Have you noticed that your relative seems to be less mobile recently, or maybe they have hinted at this themselves? If this is the case, find out more about mobility aids here.
Common mobility problems
Older age affects muscle strength, joint flexibility and stamina. If this is combined with aches and pains, as well as fatigue and potential other medical conditions, it is likely that your relative will experience difficulty with:
- steps, stairs and inclines
- uneven ground or loose surfaces
- walking long distances.
Under these circumstances, your relative might well benefit from more awareness of stair safety and the support of a mobility aid, such as a walking stick, walking frame or even a mobility scooter.
The installation of grab rails around the home to support those with balance or mobility issues might also be helpful.
Getting a mobility needs assessment
As well as investigating the options for mobility aids, it is worth getting an assessment for mobility equipment needs by a physiotherapist, who may make recommendations for what kind of help your relative requires. These could include learning about certain mobility techniques (for example, how to move up and down the stairs) and exercises to help with strength and balance.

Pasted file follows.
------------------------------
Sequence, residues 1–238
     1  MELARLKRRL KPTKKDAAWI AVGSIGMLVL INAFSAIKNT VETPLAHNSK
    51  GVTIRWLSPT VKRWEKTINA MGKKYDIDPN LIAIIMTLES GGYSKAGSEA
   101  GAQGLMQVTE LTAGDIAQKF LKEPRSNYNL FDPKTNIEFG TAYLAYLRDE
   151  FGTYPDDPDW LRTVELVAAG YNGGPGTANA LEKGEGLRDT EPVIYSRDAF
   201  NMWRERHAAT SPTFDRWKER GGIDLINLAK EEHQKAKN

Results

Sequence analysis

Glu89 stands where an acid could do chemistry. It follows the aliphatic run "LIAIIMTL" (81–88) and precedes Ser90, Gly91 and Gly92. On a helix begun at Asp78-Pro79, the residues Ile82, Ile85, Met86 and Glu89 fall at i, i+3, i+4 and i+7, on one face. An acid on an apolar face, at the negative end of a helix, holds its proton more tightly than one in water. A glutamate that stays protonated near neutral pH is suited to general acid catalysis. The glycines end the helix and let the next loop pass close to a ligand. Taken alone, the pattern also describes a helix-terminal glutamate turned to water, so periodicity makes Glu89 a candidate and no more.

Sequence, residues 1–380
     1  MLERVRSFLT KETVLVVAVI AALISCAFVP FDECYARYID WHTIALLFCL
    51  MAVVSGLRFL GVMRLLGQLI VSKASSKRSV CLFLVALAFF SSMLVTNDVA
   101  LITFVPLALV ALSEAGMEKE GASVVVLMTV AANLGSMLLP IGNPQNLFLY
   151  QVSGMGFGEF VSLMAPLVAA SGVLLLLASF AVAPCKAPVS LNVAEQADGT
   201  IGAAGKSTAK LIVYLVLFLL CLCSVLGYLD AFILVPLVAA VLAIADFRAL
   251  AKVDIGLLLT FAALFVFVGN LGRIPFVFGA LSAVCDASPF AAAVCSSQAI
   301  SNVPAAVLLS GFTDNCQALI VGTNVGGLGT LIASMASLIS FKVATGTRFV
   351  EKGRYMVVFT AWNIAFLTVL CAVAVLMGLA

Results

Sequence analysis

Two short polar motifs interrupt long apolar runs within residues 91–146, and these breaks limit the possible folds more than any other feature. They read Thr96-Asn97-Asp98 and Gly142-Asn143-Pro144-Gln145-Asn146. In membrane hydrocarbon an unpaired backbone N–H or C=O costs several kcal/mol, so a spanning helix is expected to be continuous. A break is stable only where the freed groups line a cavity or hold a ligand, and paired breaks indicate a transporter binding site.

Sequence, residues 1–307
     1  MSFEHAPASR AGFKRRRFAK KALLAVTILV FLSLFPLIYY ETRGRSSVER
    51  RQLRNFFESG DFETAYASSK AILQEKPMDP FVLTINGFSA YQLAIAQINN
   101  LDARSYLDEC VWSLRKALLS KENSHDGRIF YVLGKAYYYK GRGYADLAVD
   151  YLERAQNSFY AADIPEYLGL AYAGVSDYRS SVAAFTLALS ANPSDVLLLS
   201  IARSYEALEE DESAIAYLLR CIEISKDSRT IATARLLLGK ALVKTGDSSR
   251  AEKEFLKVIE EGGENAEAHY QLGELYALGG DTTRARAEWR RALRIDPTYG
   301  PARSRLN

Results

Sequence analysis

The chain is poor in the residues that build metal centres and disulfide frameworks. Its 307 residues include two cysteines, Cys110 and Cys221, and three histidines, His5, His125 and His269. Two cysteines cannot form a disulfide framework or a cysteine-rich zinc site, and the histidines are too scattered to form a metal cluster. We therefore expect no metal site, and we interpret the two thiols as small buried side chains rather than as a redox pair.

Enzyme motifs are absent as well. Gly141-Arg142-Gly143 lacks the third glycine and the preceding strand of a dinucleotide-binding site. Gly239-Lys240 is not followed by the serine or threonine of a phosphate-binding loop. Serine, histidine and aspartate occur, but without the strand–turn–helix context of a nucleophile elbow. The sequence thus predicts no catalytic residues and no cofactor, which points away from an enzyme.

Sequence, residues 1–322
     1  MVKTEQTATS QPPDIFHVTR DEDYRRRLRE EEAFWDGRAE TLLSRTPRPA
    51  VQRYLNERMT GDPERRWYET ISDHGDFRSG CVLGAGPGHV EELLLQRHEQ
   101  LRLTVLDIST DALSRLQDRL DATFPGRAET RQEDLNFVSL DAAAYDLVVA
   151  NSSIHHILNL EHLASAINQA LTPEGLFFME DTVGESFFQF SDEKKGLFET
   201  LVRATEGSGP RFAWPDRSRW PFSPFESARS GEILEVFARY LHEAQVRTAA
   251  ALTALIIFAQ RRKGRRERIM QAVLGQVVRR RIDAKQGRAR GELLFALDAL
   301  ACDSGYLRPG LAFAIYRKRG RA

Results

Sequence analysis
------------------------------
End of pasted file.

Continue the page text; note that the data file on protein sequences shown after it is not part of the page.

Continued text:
Appropriate footwear can also help with stability and support. Make sure that slippers around the home are supportive. It's best not to wear ones that you slip your feet into - instead there is a good range of 'bootee'-type slippers that have zip or Velcro fastening and non-slip soles. For outdoors wear, consider well-fitting supportive footwear with a low heel and non-slip soles.
- Sitting comfortably and safely, Kitchen safety and Getting into and out of bed safely: three of our articles exploring the options for safety in the home for older people.
- Care services directory: use our directory to find what home care agencies are in your relative's area if you think he or she is in need of more support at home.
- Dealing with a fall: sometimes a person with mobility problems may be at an increased risk of experiencing a fall - read our advice for helping to prevent a fall and what to do if your loved one has already fallen.
Page last reviewed: November 2016
Next review due: February 2019